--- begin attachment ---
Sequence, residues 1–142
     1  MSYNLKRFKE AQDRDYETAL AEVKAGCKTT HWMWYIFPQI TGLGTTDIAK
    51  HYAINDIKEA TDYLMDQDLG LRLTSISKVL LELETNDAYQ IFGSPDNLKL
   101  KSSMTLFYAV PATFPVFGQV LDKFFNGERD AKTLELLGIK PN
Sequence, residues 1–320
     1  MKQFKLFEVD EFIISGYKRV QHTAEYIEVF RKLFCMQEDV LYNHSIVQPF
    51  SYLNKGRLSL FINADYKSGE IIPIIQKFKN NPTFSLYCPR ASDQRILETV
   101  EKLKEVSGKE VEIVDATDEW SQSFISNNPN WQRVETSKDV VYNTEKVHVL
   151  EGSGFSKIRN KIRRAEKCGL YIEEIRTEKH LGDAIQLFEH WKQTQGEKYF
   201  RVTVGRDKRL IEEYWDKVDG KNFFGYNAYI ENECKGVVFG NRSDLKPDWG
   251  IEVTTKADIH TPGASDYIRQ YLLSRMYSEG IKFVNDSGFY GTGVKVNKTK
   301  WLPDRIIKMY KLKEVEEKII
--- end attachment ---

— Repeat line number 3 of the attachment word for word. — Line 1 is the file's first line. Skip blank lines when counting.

    51  HYAINDIKEA TDYLMDQDLG LRLTSISKVL LELETNDAYQ IFGSPDNLKL